To start I would like to say I am using the ICAO standards here, each country may differ, so please consult your own countries rules and regulations.
First of all, what is a hold?
A hold in aviation is a procedure flown by an aircraft for a number of reason, but mainly to use up time. The procedure is normally in a racecourse pattern, using a particular point as a reference. A racecourse pattern is prefered to just cirlcling as it is more efficient (there are more forces and drag on the aircraft when turning). Through the rest of this post I will explain more on how to fly the Hold, what rules to follow and some useful tips to help you in the air.
Looking at the above picture you can get more of an idea of what a hold looks like. Refering to that picture above we will go through each point.
FIX – The fix is our reference point we want to use. Anything that does not move could be a FIX, to mention a few, it could be a VOR or NDB Beacon, a GPS location, a Radial and DME point or even a point on the ground.
INBOUND LEG – This is just the leg that you fly towards the FIX, there are rules about this that we will explain later in the post.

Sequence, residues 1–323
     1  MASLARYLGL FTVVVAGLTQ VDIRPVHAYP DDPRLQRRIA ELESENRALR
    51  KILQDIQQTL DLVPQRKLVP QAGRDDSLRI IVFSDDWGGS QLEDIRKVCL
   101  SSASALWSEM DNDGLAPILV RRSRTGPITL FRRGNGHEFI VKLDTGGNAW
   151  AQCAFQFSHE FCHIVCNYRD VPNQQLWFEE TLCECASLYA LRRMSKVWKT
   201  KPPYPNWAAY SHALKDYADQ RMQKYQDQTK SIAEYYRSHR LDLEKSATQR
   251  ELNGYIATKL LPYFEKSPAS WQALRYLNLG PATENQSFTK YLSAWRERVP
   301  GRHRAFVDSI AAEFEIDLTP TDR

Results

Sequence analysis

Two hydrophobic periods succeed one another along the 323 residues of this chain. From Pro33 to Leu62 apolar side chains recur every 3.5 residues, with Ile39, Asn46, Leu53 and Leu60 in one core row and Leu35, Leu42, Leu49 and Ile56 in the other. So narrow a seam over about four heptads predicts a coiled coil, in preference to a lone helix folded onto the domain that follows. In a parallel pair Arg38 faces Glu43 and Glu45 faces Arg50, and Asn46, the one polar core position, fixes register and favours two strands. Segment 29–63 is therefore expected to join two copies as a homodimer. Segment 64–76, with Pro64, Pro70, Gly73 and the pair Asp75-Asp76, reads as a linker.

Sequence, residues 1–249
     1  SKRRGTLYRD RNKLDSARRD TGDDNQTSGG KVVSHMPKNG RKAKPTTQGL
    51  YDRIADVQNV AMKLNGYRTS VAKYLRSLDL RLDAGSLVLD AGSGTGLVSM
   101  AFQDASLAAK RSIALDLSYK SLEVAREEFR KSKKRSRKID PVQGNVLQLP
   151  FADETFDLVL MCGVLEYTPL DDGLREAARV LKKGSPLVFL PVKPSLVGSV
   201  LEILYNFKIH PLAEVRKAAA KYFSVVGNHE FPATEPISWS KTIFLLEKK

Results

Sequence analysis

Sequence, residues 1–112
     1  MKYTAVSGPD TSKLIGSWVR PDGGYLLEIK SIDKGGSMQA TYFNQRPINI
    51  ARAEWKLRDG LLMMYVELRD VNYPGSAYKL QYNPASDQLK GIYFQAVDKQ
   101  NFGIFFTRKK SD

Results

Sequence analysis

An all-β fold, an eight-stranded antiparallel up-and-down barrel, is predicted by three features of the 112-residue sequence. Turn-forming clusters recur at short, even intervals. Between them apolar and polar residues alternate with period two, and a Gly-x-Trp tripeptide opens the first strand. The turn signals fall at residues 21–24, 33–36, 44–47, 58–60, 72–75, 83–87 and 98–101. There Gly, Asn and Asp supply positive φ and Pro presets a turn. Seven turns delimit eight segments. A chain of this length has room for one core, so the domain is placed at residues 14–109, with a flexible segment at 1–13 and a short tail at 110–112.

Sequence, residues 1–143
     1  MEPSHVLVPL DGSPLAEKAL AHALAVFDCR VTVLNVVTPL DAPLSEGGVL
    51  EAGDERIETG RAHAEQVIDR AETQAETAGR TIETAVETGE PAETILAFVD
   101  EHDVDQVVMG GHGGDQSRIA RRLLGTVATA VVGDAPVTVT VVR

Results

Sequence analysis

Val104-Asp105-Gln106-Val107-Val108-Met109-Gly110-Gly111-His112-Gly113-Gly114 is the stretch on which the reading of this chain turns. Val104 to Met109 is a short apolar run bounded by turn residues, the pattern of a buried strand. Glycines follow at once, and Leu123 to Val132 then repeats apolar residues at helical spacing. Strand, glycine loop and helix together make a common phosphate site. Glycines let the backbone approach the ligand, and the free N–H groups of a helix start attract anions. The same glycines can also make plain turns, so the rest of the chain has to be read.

OUTBOUND END – The turn in your hold that is furthest away from the fix.
OUTBOUND LEG – This is just the leg that you fly away from the FIX
FIX END – The turn in your hold that is closest to the FIX.
ABEAM FIX – This is the point on your OUTBOUND LEG that you are 90˚ to the FIX and when you start your OUTBOUND LEG timing.
HOLDING SIDE – The side, of the imaginary line (red linein picture) that runs through the fix on the same track we fly the INBOUND LEG, we keep the plane when flying the hold.
NON-HOLDING SIDE – Opposite side of imaginary line we want to avoid flying in.
Now that we have a bit more of an idea of what a hold is, it would be good to go over the laws that govern a hold.
Direction – The STANDARD hold pattern is flown in a clockwise direction (turns to the right). There are cases when a hold is flown with turns to the left, this could be for a number of reasons. Turns are done at a rate 1 turn (10% of your speed + 7).
Timing – In order to keep flying the hold in the safe area, we use time on the inbound leg to keep it from getting too big. We start timing for the outbound leg when we are ABEAM the FIX. ICAO standard is: